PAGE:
Someone with an eating disorder may react negatively when you show concern for them because eating disorders are ego syntonic – meaning people are attached to them and the disorder may serve some purpose, such as providing a feeling of control. People struggling with eating disorders may also be irritable or sensitive as a result of malnourishment.
Brodeur-Johnson suggests bringing up behavioral examples to explain why you are concerned about the person, like ‘I noticed that you go to the bathroom after you eat and stay in there for a while and I wonder if maybe you’re making yourself sick’ or ‘I noticed that you only seem to eat very little and that what you choose to eat is pretty restrictive and that’s concerning to me and I care about you.’
If the person you are concerned about is a Clemson student, you can file a CARE Report through the Office of Advocacy and Success and you have the option to make the report anonymous.
As a friend, you can offer simple things like walking to Redfern with the person you are concerned about or calling to get more information about the eating disorder treatment program.
If the person you are worried about continues to reject your efforts to help, you shouldn’t feel bad about filing a CARE report or getting another adult involved, like their parent, a teacher or an RA.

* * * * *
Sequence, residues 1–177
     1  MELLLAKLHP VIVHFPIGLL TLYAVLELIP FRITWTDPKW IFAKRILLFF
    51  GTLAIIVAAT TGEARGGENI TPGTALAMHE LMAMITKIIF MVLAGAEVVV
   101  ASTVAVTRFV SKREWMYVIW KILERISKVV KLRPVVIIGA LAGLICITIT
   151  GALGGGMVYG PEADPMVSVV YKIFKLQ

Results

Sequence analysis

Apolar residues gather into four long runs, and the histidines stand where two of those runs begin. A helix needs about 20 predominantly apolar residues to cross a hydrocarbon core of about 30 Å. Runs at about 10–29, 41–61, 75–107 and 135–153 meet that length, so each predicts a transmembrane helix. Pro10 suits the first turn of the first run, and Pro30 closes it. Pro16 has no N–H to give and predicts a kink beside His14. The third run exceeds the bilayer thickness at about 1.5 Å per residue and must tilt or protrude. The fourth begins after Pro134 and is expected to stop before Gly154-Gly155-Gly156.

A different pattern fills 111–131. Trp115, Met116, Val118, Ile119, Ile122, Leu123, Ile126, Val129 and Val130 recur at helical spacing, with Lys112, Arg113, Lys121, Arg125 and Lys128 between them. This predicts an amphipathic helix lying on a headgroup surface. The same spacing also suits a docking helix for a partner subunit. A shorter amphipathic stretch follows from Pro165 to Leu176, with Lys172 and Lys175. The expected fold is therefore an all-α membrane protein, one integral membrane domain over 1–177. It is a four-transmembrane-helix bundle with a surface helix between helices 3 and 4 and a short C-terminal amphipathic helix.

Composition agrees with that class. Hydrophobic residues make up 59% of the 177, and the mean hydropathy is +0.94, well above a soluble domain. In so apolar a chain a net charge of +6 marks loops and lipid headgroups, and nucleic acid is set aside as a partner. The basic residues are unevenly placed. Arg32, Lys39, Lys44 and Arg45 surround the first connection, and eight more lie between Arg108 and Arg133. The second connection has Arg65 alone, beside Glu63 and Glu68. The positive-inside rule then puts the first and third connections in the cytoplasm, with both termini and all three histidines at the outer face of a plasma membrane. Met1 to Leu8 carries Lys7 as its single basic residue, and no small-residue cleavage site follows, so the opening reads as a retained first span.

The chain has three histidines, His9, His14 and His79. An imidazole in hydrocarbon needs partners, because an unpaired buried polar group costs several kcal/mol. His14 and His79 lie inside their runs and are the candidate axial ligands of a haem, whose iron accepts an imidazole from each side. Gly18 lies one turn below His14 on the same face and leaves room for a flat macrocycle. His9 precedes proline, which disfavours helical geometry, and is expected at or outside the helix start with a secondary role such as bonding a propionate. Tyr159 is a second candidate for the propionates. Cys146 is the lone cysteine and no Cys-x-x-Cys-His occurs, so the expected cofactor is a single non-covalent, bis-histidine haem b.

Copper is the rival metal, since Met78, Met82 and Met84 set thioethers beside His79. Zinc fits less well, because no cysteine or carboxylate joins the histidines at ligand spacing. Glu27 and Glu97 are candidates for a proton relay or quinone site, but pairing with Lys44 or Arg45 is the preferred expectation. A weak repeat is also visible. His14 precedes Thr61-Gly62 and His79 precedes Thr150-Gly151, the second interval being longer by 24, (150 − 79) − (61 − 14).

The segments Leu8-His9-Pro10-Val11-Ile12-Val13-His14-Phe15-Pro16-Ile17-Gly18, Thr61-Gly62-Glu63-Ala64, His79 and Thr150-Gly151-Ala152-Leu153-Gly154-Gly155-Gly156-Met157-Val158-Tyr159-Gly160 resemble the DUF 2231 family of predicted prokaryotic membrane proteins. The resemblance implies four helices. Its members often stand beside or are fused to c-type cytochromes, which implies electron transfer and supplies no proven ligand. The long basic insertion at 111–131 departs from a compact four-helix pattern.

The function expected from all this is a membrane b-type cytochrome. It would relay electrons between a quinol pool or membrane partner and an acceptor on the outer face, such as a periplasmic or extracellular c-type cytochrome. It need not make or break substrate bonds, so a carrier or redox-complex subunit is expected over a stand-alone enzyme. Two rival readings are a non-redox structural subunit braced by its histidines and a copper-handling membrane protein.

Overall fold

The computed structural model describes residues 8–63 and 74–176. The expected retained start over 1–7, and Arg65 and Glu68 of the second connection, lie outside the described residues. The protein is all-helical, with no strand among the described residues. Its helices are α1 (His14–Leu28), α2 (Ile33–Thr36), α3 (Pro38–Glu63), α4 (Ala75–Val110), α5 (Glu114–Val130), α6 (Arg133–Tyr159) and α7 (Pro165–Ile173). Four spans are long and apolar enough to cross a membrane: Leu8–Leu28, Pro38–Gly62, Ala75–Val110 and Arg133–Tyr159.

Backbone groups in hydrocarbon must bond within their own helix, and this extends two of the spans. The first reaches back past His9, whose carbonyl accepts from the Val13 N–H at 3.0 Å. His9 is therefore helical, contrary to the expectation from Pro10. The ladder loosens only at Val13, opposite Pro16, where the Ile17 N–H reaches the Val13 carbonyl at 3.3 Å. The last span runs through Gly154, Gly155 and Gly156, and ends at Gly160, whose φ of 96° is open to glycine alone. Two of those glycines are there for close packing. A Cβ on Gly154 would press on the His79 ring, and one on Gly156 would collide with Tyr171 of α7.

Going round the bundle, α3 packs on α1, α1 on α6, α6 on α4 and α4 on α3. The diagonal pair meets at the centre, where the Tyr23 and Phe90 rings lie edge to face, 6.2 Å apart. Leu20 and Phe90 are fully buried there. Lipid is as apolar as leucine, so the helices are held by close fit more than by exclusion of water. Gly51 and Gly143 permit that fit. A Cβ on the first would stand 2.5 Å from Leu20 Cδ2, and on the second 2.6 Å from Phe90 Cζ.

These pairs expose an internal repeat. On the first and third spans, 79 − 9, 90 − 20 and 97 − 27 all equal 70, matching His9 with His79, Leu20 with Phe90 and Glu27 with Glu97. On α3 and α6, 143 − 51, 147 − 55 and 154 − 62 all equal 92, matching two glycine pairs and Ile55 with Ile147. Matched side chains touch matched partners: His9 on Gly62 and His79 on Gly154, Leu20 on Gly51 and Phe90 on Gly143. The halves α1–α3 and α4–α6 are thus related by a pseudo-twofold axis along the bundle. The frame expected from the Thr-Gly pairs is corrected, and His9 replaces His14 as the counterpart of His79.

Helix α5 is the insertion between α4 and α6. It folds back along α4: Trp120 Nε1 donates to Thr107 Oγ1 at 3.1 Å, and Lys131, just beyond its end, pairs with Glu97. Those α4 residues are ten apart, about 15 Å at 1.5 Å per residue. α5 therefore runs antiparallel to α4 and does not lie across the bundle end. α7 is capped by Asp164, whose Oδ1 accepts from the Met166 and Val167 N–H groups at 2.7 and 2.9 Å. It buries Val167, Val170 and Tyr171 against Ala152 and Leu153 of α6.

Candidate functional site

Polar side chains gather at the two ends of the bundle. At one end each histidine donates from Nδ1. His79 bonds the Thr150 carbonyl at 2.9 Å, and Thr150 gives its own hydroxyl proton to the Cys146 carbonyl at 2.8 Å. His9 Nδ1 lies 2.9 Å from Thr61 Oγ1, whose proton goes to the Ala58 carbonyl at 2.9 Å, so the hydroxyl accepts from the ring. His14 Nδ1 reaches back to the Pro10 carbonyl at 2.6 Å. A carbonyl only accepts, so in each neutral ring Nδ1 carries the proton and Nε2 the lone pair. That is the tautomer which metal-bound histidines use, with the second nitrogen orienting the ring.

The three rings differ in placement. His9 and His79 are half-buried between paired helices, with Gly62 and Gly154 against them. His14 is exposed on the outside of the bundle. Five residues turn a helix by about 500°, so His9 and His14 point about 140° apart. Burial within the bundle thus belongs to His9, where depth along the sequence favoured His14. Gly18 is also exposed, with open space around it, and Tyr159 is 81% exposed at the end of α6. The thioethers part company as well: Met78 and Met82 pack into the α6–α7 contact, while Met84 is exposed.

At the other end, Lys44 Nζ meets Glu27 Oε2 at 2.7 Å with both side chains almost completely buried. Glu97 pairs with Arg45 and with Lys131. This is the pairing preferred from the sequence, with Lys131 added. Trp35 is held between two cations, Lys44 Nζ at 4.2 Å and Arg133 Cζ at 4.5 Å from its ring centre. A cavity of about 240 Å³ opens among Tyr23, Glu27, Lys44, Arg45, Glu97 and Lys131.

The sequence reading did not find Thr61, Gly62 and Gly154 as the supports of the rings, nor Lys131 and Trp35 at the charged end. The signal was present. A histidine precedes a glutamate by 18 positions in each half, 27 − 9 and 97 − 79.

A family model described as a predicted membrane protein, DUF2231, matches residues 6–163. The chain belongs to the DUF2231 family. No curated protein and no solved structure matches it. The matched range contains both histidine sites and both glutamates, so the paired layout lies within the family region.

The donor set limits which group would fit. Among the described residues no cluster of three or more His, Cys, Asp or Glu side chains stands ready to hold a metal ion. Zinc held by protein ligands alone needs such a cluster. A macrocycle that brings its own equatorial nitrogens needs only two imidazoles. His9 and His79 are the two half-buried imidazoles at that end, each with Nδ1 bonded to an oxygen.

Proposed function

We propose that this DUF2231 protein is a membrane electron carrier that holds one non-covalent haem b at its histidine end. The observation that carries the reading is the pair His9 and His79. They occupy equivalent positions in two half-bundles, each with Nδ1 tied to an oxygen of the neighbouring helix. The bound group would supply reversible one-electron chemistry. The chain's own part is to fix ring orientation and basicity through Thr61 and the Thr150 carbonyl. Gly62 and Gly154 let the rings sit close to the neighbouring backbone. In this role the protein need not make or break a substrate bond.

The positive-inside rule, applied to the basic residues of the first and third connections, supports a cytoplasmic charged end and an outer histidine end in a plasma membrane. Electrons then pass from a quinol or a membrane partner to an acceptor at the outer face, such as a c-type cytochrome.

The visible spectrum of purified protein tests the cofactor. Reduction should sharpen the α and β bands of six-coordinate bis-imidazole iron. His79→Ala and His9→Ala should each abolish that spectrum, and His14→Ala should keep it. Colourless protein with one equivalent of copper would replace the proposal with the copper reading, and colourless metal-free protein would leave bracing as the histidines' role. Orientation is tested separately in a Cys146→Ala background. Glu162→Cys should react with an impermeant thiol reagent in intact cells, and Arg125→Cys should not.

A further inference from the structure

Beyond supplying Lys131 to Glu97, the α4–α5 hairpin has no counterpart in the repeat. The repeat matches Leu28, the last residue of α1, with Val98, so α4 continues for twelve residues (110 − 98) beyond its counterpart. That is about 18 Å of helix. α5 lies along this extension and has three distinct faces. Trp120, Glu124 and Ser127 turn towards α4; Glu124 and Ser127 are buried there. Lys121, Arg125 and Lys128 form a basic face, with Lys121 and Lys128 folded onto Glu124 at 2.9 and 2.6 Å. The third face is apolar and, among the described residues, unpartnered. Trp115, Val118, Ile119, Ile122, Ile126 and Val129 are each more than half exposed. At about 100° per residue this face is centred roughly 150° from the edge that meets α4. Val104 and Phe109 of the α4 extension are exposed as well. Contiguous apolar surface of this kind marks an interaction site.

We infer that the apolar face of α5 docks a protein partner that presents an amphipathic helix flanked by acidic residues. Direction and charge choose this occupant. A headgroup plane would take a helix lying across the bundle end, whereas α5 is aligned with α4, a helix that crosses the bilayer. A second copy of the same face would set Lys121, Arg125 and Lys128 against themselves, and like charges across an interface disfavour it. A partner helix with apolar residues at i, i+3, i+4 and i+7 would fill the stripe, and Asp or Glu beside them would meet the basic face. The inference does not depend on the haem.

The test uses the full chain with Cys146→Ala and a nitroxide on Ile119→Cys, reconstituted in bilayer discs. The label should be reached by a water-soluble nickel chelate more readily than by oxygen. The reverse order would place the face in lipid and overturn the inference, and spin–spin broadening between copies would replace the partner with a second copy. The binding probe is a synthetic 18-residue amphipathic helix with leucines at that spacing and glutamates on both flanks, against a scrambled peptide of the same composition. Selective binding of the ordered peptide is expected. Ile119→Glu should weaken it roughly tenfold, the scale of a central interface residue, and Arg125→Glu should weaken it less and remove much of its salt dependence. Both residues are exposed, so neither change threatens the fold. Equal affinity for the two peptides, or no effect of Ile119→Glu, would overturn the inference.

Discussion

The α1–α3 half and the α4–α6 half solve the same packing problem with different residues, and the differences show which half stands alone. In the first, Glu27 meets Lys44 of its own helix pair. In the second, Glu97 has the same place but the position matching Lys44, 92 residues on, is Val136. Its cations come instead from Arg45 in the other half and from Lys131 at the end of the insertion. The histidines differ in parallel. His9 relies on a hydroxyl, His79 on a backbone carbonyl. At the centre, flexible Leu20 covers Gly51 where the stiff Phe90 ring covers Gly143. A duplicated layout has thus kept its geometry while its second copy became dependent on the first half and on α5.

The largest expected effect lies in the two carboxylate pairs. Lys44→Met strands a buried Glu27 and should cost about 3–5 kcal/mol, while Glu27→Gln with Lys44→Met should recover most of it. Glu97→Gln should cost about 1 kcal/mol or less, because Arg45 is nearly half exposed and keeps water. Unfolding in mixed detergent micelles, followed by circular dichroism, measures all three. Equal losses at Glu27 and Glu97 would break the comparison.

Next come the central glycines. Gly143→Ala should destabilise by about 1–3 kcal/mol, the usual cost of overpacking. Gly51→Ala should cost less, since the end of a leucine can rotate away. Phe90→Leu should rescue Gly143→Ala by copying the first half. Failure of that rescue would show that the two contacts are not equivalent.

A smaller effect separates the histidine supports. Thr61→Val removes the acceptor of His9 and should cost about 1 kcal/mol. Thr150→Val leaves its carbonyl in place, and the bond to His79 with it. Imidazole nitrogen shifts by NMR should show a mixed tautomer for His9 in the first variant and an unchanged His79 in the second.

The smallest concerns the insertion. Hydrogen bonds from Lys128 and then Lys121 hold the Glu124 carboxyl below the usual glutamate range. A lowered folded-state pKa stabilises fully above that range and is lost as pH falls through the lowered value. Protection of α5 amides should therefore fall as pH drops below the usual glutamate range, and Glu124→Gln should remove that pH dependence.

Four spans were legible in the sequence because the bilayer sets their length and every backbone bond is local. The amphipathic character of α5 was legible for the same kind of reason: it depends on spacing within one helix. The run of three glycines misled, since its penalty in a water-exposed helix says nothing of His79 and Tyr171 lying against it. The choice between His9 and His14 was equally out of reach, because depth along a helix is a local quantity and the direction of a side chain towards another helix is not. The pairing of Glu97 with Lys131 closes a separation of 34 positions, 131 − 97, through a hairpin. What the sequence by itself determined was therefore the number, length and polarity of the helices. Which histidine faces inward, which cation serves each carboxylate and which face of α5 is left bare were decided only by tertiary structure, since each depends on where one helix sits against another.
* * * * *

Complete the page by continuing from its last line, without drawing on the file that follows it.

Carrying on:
“It can be difficult to know how, or if it’s appropriate or when to do something, but I think it’s really critical that college students understand that if they’re seeing something and somebody is really having a hard time, they might be the only one who knows that they’re suffering,” says Brodeur-Johnson. “When people are suffering, they need help to get care.”
Reeves says early intervention is important for the successful treatment of eating disorders. “The earlier someone—whether it’s a friend, a parent, a sibling—can jump in and bring to light what’s happening, the better the outcome can be.”
Reeves encourages anyone who is suffering to seek care. “It’s okay to get help for mental health problems. It’s okay to struggle with something and there’s no shame in saying ‘I have a problem I need to get help for.’”
If you have a friend or loved one who is dealing with an eating disorder, you should try to be a good listener and validate the person’s feelings. It can also help to keep talk away from food and to provide positive distractions, like making the person laugh.
It is important to show compassion toward loved ones who are struggling with eating disorders.